to pile the sacks of rice and beans for a family
floating away on some Caribbean island plagued by frogs.

Alabanza. Praise the waitress who heard the radio in the kitchen
and sang to herself about a man gone.

After the thunder wilder than thunder,
after the booming ice storm of glass from the great windows,
after the radio stopped singing like a tree full of terrified frogs,
after night burst the dam of day and flooded the kitchen,
for a time the stoves glowed in darkness like the lighthouse in Fajardo,
like a cook's soul. Soul I say, even if the dead cannot tell us
about the bristles of God's beard because God has no face,
soul I say, to name the smoke-beings flung in constellations
across the night sky of this city and cities to come.
Alabanza I say, even if God has no face.

Alabanza. When the war began, from Manhattan to Kabul
two constellations of smoke rose and drifted to each other,
mingling in icy air, and one said with an Afghan tongue:
Teach me to dance. We have no music here.
And the other said with a Spanish tongue:

I will teach you. Music is all we have.
from Alabanza: New and Selected Poems, 1982-2002 (W.W. Norton, April 2003).


NCmountainwoman said...

Very moving tribute. Thanks for sharing this lovely poem.

Lynne said...

My heart aches with the memory.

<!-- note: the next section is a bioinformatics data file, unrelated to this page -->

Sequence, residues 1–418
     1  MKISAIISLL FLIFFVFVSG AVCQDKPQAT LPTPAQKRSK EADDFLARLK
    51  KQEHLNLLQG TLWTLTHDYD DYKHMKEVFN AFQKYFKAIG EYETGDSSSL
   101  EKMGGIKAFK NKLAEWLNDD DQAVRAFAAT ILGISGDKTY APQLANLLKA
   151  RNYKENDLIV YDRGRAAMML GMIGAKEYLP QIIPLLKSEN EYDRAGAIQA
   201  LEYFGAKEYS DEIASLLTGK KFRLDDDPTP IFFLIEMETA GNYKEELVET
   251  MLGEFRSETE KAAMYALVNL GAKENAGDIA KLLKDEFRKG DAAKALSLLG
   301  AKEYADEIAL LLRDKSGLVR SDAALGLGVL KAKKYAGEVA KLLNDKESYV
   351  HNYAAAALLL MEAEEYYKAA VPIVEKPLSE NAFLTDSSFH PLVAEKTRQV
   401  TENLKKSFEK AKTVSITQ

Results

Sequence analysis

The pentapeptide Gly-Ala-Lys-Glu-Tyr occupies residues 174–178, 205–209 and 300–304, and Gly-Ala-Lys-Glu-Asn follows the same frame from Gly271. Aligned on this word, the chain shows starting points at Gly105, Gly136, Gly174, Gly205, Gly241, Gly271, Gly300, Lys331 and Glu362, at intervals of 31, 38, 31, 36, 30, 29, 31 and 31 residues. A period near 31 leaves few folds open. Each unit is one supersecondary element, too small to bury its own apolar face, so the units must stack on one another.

Beverly said...

Oh thank you so much for sharing this. A young man who graduated from my kids' school a few years before them worked at Windows on the World restaurant. He had come home to be with his dad who was dying form cancer or he would have been there that day as well.

possumlady said...

Such a sad, frightening day. I worked six blocks from the White House and we could also see the huge plume of black smoke coming from the Pentagon. By 11:00 the streets were packed with people trying to get out of the city. Buses had their doors open with folks hanging on the poles standing on the steps. I had no idea if I would be able to get home.

Since that day I keep an old pair of sneakers at work. Although I'm in no shape to walk six miles, I'd do it if I had to if, God forbid, there is a next time. I also never let my gas tank go past half full.

Ruth said...

I like the personal feel of the poem. Those who experienced the events of 9/11 will always have a personal connection. It is just a story to anyone who was under 7 or 8 at the time. I was eight years old when President Kennedy was assassinated and the impact of that day will stay with me forever.

Anonymous said...

Try sharing it with a group of 4th graders. They were 2 when it happened. It's fascinating. I think I'll blog about it. :)

JeanMac said...

Today I tried to concentrate on the families still grieving their loved ones. Our local radio never mentions Dec. 7th and I think this year, I will call them and ask for at least a mention on their news -

Ginnie said...

The poem depicts everything that I think we have to remember when we vote this year for our next President and Vice President. We are a nation of all races, creeds and ethnic backgrounds...we need to meld as one unified body.
The McCain/Palin ticket terrifies me.

Tossing Pebbles in the Stream said...

A lovely poem. Thanks.

Few remember 9/11, 1973. The democratic government of Chile was overthrown. Allende shot himself rather than be captured. We now know the Nixon Administration and Henry Kissinger were behind this.